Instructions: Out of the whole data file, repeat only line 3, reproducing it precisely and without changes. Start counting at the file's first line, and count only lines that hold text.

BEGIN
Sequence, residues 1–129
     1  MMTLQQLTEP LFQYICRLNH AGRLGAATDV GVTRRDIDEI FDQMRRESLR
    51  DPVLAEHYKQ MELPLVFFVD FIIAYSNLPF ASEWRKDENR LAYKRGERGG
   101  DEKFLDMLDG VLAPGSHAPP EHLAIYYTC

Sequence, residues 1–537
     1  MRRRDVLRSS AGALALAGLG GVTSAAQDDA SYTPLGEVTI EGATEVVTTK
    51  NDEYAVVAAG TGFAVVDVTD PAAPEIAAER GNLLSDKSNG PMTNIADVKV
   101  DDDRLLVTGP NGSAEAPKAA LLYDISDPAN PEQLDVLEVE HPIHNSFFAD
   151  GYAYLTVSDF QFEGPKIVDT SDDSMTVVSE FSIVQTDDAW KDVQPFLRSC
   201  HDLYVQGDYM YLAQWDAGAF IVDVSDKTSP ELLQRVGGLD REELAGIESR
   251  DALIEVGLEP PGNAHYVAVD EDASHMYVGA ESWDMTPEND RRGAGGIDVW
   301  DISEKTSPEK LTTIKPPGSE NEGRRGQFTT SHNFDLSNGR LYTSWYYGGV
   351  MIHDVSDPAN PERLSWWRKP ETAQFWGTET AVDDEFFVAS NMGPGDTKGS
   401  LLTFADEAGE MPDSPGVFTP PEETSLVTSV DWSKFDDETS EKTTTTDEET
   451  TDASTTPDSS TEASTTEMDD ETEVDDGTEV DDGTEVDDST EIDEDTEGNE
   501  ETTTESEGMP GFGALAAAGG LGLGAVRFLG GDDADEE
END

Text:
    51  DPVLAEHYKQ MELPLVFFVD FIIAYSNLPF ASEWRKDENR LAYKRGERGG